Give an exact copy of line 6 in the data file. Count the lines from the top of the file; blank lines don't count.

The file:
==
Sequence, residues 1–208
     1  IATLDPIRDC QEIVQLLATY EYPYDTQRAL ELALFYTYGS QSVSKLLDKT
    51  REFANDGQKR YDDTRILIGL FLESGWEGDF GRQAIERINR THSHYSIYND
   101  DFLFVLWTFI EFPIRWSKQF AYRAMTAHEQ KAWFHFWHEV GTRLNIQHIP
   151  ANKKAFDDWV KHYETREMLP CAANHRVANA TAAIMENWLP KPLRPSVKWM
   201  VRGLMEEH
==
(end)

   201  VRGLMEEH